Let’s return to our classroom heights example:

heights = [["Noelle", 61], ["Ali", 70], ["Sam", 67]]

Two-dimensional lists can be accessed similar to their one-dimensional counterpart. Instead of providing a single pair of brackets [ ] we will use an additional set for each dimension past the first.

If we wanted to access "Noelle"‘s height:

#Access the sublist at index 0, and then access the 1st index of that sublist. noelles_height = heights[0][1] print(noelles_height)

Would output:


Here are the index numbers to access data for the list heights:

Element Index
"Noelle" heights[0][0]
61 heights[0][1]
"Ali" heights[1][0]
70 heights[1][1]
"Sam" heights[2][0]
67 heights[2][1]

Let’s practice accessing data in a two-dimensional list.



We want to have a way to store all of our classroom test score data.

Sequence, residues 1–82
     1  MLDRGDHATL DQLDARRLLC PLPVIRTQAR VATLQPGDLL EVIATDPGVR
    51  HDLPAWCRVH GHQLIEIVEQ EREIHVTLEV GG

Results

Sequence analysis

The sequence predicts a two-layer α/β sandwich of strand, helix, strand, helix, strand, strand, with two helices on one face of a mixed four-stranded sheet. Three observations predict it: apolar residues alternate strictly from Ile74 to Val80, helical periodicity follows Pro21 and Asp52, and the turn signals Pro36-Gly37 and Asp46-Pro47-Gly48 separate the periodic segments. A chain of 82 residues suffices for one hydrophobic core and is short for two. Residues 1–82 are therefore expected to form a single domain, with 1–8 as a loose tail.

Using the provided table, create a two-dimensional list called class_name_test to represent the data. Each sublist in class_name_test should have one student’s name and their associated score.

Name Test Score
"Jenny" 90
"Alexus" 85.5
"Sam" 83
"Ellie" 101.5

Print class_name_test to see the result.


Use double square brackets ([][]) to select Sam‘s test score from the list class_name_test.

Save it to the variable sams_score.

Print the variable sams_score to see the result.


Use double square brackets ([][]) to select Ellies test score from the list class_name_test. This time only use negative indices!

Save it to the variable ellies_score.

Print the variable ellies_score to see the result.

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